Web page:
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Thursday, 5 June 2008

What is Mild Traumatic Brain Injury?

"Over 325,000 Americans annually suffer mild head trauma from automobile accidents, assaults, falls, sports injuries, etc. With a diagnosis of mild traumatic brain injury (MTBI), the individual will be told to rest for a few days or weeks, and, with luck, that may be the end of it. Unfortunately, many of those affected suffer ongoing, debilitating symptoms(migraines, depression, seizures, etc.) for months or even years. Symptoms are unpredictable and are difficult to diagnose because there is no single test to detect MTBI and postconcussive syndrome (PCS)"(James Swanton, Harlem Hosp., New York).

My Story:

My name is Josh Schafer and I live in Chicago. At the age of 16, I was fooling around with a friend when he swung a door with great force, accidently hitting me in the head. Since then, I have been dealing with symptoms of head injury that have had a deep impact on my life. Some of my major symptoms are sleep disruption and fatigue, concentration and short term memory difficulties, and dizziness. I have dealt with these problems the past 3 decades on my own for a number of reasons.

First:As far as a medical diagnosis is concerned, the sort of injury I sustained is too mild to be confirmed by any tools presently available to medical science. Cat scans, eeg's and MRI's are simply not sensitive enough to detect the type of damage which occurred in my head. Even the much more sensitive neuropsychological battery of tests fails to pick up the cognitive deficits I know to be present. Furthermore, my injury did not result in coma or even transient loss of consciousness. Therefore, I can expect no offical confirmation from the medical community that there is anything wrong with my head.

Second: I am aware of the fact that there are many support groups available in the U.S. for victims of acquired brain injury, and that even without official diagnosis of my injuries, I am welcome to join these communities. However, I don't feel comfortable participating with these groups because my symptoms are so much more mild that those suffered by the typical head injury support group members. Many of them were involved in high speed MVA's (motor vehicle accidents) and deal not only with profound cognitive deficits, but also physical paralysis, vision and other bodily injuries.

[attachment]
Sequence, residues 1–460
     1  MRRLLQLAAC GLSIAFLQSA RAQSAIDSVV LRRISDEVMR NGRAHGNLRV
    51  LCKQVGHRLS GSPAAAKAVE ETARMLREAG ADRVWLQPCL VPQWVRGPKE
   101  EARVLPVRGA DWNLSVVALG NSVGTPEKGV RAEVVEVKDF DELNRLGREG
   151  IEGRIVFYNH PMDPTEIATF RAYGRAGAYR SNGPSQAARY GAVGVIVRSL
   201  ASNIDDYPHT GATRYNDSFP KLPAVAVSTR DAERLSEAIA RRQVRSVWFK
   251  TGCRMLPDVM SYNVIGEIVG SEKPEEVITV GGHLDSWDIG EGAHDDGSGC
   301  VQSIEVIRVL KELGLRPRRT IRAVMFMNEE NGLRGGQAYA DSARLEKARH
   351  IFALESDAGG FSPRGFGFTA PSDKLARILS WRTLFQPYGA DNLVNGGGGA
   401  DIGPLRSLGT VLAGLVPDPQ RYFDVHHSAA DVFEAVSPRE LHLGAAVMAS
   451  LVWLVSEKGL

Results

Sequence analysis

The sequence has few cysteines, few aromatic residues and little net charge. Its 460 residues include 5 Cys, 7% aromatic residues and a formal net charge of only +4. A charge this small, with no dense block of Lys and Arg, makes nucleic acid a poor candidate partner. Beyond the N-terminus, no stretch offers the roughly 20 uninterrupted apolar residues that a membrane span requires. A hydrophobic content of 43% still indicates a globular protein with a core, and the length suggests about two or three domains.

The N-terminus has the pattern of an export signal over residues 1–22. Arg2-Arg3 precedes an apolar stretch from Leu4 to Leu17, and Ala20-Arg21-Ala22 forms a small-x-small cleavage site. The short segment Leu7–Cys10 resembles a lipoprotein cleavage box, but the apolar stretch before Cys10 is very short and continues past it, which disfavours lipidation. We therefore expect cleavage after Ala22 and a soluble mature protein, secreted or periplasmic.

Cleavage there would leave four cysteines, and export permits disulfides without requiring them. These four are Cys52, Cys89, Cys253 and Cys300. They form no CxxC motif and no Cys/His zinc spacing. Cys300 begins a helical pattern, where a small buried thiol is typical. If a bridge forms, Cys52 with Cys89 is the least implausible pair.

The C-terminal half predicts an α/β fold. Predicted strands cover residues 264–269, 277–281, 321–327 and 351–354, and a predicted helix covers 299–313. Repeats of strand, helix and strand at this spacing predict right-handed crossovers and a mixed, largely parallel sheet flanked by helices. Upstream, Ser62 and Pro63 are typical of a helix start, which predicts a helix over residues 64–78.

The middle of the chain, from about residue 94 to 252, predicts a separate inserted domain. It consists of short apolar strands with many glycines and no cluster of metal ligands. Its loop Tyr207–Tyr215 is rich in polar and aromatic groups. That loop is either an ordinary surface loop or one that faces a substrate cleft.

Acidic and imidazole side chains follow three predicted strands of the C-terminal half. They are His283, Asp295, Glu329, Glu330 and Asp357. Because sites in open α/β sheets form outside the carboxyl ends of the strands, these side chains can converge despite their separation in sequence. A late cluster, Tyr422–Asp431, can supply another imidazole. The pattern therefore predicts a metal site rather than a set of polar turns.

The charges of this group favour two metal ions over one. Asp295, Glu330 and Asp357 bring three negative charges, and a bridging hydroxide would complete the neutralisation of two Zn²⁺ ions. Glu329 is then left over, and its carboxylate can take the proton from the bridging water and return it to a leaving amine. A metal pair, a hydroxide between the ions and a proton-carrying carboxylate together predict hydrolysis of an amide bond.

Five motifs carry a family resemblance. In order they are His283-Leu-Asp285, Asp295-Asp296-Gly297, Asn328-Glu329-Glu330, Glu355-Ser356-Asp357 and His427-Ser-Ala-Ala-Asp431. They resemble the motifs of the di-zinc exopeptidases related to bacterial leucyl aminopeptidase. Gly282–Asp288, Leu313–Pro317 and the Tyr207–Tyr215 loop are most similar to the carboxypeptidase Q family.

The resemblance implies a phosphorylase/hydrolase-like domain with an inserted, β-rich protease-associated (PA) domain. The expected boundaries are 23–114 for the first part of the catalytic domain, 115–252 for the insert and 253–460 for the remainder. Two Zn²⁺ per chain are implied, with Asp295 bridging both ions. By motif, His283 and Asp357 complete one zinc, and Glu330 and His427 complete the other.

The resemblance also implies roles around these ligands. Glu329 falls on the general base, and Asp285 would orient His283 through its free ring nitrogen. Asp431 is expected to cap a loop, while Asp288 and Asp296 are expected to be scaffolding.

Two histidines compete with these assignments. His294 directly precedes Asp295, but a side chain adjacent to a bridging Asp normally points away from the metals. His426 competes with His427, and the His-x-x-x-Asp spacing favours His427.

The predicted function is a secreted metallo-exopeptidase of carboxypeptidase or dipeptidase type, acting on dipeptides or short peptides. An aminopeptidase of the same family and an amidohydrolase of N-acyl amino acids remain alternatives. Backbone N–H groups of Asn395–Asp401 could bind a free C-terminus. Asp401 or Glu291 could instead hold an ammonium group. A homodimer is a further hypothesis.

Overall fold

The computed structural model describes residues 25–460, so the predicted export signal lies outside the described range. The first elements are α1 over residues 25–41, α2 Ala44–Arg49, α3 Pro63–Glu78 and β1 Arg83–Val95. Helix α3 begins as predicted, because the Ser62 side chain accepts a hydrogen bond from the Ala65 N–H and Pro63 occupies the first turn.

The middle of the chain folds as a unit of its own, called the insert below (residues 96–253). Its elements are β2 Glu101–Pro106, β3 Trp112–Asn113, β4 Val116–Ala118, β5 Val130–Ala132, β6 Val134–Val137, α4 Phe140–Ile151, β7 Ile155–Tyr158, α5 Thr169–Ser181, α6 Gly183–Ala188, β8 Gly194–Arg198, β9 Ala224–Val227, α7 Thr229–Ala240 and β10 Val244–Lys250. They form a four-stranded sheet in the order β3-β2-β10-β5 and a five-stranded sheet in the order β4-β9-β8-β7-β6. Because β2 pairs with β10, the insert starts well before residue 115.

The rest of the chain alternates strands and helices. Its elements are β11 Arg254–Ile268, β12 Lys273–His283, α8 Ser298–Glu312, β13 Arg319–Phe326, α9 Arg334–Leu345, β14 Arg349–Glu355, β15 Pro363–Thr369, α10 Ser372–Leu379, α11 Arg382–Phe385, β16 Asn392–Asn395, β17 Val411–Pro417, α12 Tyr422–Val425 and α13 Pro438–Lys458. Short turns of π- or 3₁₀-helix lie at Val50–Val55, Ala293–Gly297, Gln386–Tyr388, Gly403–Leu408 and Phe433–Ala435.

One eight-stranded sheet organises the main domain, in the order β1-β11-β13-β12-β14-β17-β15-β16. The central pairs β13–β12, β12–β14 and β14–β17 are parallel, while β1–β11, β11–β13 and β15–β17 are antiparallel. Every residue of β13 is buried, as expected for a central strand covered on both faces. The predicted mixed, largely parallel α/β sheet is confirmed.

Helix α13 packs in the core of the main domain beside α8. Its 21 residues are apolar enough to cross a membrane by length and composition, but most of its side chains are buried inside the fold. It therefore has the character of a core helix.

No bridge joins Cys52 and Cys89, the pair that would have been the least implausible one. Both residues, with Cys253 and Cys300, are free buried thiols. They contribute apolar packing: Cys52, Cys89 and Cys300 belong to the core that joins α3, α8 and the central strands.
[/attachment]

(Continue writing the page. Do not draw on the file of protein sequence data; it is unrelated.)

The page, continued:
While I definitely identify with many of the cognitive difficulties they experience and am comforted by their acceptance of my challenges, I still feel a deep need to locate others whose experience is a bit closer to my own, people who are able to "pass" as unbrain-injured, who are able to hold down part-time or full-time employment, go to school, rasie families, do seemingly everything so-called normals can do, but still know that all of these things are significantly harder for them in ways that only a fellow sufferer can fully understand.

I believe there are literally 100's of thousands, perhaps millions, of people in the U.S. alone who, like me, have suffered a very mild brain injury resulting in symptoms which fall under the radar of current medical diagnostic technology. This list includes injury caused by recreational drug use, automobile, sports and work-related accidents, undiagnosed ms and lyme disease, small strokes and tia's. How many of these people either aren't aware of the nature of of their problems or don't feel worthy of including themselves in the same camp as the more profoundly (and officially diagnosed) brain injured?

An online MTBI social community:

My goal in this website is not to offer diagnostic or rehabilitative advice. If you are interested in suggestions for medication, cognitive retraining, lists of neurospychologists and support groups, there are some very good sources available. I highly recommend Diane Stoler's excellent guide, Coping with Mild Traumatic Brain Injury. I want instead to help to put together an online social community where people can share their experiences in an atmosphere of empathy and acceptance, a place where everybody can feel, maybe for the first time in a long time, that they are on equal footing with each other.

I must confess I have an even more ambitions goal. Maybe if mild tbi folks can have a chance to be surrounded by other mtbi'ers for long enough, we can begin to find out that we are not just a bit 'disabled' compared to so-called 'normals', but that there are certain advantages, a certain sensitivity or deliberate richness to our experience of the world that "normals" can learn from.

Remember when you were thought of as the clever, witty one in conversations, always ready with a quick comeback? And now you're the quiet unsure one? But maybe you are also aware of details of situations you weren't before your injury, and maybe that sensitivity is drowned out by being forced to have to keep up with the demands of non-brain-injured social interaction. Maybe we can tap into such sensitivities and even discover other ways in which we are not simply 'handicapped' with respect to non-brain-injured but 'enhanced'. I am an independent writer in psychology and philosophy, and I often think that my brain-injury has helped me to understand aspects of mental processes more effectively than I would have been able to without the tbi experience. 

I want to hear about you own experience, topics or rants for this blog, questions for other mtbi'ers, poems, song lyrics, audio, video or anything in between, as long as it's clean. Tell me where you're from, because people who live near you may want to connect with you.(You can also e-mail me privately at )


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Posted by psy/schafer10 at 12:01 AM CDT
Updated: Friday, 6 June 2008 5:21 AM CDT
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